CG&D
HOME HELP FEEDBACK SUBSCRIPTIONS ARCHIVE SEARCH TABLE OF CONTENTS
Cancer Research Clinical Cancer Research
Cancer Epidemiology Biomarkers & Prevention Molecular Cancer Therapeutics
Molecular Cancer Research Cell Growth & Differentiation

This Article
Right arrow Full Text (PDF)
Right arrow Alert me when this article is cited
Right arrow Alert me if a correction is posted
Services
Right arrow Similar articles in this journal
Right arrow Similar articles in PubMed
Right arrow Alert me to new issues of the journal
Right arrow Download to citation manager
Right arrow
Citing Articles
Right arrow Citing Articles via HighWire
Right arrow Citing Articles via Google Scholar
Google Scholar
Right arrow Articles by Serra, R.
Right arrow Articles by Isom, H. C.
Right arrow Search for Related Content
PubMed
Right arrow PubMed Citation
Right arrow Articles by Serra, R.
Right arrow Articles by Isom, H. C.

Cell Growth & Differentiation, Vol 5, Issue 5 509-517, Copyright © 1994 by American Association of Cancer Research


ARTICLES

Transforming growth factor beta 1 suppresses transformation in hepatocytes by regulating alpha 1 beta 1 integrin expression

R Serra, S Carbonetto, M Lord and HC Isom
Department of Microbiology and Immunology, Milton S. Hershey Medical Center, Pennsylvania State University College of Medicine, Hershey 17033.

We previously reported that (a) treatment of the ras-transformed hepatocyte cell line NR4 with transforming growth factor (TGF) beta 1 suppresses many characteristics associated with the transformed phenotype including altered morphology, actin cytoskeleton reorganization, and anchorage-independent growth such that the cells more closely resemble the immortalized CWSV1 parent cell line; (b) transformed NR4 cells expressed significantly less alpha 1 integrin RNA than the immortalized CWSV1 cells; and (c) TGF-beta 1 treatment of NR4 cells stimulated the expression of alpha 1 and beta 1 integrin RNAs. In this report, the role of the alpha 1 beta 1 integrin in TGF-beta 1-mediated suppression of the ras-transformed phenotype was investigated. We determined that (a) the cell surface integrin that increased in response to TGF-beta 1 treatment of NR4 cells was alpha 1 integrin; (b) TGF-beta 1 altered the ability of NR4 cells to attach to collagen and laminin, the extracellular matrix components that interact with the alpha 1 beta 1 integrin receptor; (c) TGF-beta 1 treatment resulted in relocalization of the alpha 1 integrin on the NR4 cell surface; and (d) TGF-beta 1-mediated inhibition of anchorage-independent growth was blocked by the presence of alpha 1 integrin antibody. A cell line that overexpresses alpha 1 integrin was derived from NR4 cells; characterization of these cells indicated that they continued to express H-ras RNA but were less transformed than the parent NR4 cells. Specifically, they had an altered morphology, an organized actin cytoskeleton, and reduced ability to demonstrate anchorage-independent growth.(ABSTRACT TRUNCATED AT 250 WORDS)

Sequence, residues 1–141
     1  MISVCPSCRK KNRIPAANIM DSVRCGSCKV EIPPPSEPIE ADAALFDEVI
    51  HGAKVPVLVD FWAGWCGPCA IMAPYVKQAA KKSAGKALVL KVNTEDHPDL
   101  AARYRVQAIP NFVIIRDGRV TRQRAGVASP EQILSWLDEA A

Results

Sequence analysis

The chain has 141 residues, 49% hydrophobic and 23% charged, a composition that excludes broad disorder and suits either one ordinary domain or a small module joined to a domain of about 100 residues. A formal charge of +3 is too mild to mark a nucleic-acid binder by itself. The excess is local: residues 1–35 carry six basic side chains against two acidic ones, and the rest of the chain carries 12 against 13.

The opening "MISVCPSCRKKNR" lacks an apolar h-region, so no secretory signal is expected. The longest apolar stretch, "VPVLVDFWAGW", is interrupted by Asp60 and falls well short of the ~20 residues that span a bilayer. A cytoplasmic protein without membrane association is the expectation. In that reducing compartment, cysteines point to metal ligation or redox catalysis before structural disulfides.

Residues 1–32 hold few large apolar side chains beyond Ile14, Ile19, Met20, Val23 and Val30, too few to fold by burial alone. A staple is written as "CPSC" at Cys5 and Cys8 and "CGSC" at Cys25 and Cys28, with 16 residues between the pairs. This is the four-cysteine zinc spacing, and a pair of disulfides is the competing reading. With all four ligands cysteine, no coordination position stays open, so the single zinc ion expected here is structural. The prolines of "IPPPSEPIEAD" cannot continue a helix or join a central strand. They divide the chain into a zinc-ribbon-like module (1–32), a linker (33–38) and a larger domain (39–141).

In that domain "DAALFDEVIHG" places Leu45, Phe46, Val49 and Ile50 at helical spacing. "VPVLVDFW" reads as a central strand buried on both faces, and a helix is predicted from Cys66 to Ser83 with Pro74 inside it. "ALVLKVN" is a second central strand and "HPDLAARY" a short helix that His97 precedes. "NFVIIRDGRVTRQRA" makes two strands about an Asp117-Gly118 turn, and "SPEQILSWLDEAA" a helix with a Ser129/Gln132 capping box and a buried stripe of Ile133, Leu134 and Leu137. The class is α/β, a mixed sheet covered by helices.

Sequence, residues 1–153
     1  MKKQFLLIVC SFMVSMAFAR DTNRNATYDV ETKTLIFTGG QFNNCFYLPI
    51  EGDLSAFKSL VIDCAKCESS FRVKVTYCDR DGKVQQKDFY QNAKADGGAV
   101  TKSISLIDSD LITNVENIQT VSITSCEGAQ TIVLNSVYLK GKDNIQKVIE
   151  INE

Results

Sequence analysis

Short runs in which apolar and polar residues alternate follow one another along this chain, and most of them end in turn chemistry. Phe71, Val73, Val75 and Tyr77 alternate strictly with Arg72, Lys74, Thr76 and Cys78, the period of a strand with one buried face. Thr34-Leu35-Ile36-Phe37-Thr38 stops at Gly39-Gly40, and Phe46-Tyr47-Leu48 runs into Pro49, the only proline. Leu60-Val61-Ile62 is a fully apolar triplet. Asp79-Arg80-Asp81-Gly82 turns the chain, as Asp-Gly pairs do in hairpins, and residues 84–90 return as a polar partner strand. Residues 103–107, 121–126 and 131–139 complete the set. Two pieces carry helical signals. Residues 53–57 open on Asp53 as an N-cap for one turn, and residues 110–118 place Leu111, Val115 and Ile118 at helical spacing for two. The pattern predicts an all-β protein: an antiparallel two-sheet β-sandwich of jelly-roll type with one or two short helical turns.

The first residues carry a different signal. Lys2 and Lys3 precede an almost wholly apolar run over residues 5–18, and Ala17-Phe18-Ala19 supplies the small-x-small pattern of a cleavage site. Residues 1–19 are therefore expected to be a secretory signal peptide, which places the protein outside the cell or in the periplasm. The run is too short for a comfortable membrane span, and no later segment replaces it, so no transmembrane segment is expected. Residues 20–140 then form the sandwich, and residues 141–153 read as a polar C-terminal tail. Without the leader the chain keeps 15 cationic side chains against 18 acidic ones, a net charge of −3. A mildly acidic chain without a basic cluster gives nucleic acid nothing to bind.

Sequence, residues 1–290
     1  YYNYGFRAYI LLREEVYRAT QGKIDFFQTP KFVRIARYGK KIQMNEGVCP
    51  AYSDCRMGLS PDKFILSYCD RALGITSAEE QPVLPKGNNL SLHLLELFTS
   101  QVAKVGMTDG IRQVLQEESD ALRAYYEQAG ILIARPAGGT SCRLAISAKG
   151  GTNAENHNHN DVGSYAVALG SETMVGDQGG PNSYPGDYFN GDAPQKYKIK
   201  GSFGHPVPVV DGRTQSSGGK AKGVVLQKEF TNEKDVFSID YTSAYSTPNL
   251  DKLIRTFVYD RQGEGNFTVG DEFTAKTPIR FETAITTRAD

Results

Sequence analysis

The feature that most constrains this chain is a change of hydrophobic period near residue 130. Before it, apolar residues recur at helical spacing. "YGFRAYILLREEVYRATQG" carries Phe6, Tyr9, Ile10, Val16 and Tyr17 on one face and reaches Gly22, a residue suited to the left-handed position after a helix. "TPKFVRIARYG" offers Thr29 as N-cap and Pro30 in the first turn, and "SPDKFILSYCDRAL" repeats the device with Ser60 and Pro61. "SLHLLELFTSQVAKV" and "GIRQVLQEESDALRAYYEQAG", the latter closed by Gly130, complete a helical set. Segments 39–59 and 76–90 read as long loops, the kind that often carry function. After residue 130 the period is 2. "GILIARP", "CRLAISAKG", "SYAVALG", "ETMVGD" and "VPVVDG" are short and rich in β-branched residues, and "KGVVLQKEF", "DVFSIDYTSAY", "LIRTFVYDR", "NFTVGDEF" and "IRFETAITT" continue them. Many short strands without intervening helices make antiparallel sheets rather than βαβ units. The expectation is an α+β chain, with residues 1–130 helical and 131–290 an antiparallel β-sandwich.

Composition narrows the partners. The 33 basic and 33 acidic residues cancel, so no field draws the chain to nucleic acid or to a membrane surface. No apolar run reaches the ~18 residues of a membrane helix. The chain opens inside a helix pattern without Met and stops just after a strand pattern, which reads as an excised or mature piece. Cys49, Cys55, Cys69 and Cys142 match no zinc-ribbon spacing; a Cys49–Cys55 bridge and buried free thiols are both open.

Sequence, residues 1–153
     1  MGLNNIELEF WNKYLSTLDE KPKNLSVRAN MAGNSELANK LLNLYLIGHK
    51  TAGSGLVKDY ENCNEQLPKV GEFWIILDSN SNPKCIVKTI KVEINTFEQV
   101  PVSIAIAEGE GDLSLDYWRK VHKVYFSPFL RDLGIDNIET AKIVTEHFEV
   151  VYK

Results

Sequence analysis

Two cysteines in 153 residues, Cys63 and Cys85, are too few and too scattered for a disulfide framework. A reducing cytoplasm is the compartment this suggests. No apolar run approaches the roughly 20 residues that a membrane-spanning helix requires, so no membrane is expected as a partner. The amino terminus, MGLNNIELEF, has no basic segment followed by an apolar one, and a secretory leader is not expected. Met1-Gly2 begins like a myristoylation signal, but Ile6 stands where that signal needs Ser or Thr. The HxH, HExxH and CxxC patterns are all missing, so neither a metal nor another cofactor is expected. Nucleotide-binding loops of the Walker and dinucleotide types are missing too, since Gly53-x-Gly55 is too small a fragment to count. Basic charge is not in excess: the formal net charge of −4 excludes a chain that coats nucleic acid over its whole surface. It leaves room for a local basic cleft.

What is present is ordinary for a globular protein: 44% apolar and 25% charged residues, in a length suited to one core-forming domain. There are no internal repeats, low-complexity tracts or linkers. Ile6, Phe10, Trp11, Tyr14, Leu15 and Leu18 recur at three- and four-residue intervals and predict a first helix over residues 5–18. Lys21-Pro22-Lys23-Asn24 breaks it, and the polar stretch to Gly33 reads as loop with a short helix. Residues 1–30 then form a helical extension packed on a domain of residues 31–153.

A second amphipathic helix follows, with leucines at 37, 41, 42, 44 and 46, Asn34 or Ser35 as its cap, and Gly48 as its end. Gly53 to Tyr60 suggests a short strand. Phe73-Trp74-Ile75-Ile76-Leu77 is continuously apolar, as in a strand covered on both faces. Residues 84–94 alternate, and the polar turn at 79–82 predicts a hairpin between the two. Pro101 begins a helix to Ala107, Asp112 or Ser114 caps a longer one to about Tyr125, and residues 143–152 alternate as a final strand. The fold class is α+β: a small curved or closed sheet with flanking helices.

This article has been cited by other articles:


Home page
Mol Cancer ResHome page
F. Valdes, A. M. Alvarez, A. Locascio, S. Vega, B. Herrera, M. Fernandez, M. Benito, M. A. Nieto, and I. Fabregat
The Epithelial Mesenchymal Transition Confers Resistance to the Apoptotic Effects of Transforming Growth Factor {beta} in Fetal Rat Hepatocytes
Mol. Cancer Res., November 1, 2002; 1(1): 68 - 78.
[Abstract] [Full Text] [PDF]


Home page
DevelopmentHome page
R Serra and H. Moses
pRb is necessary for inhibition of N-myc expression by TGF-beta 1 in embryonic lung organ cultures
Development, January 9, 1995; 121(9): 3057 - 3066.
[Abstract] [PDF]




HOME HELP FEEDBACK SUBSCRIPTIONS ARCHIVE SEARCH TABLE OF CONTENTS
Cancer Research Clinical Cancer Research
Cancer Epidemiology Biomarkers & Prevention Molecular Cancer Therapeutics
Molecular Cancer Research Cell Growth & Differentiation
Copyright © 1994 by the American Association of Cancer Research.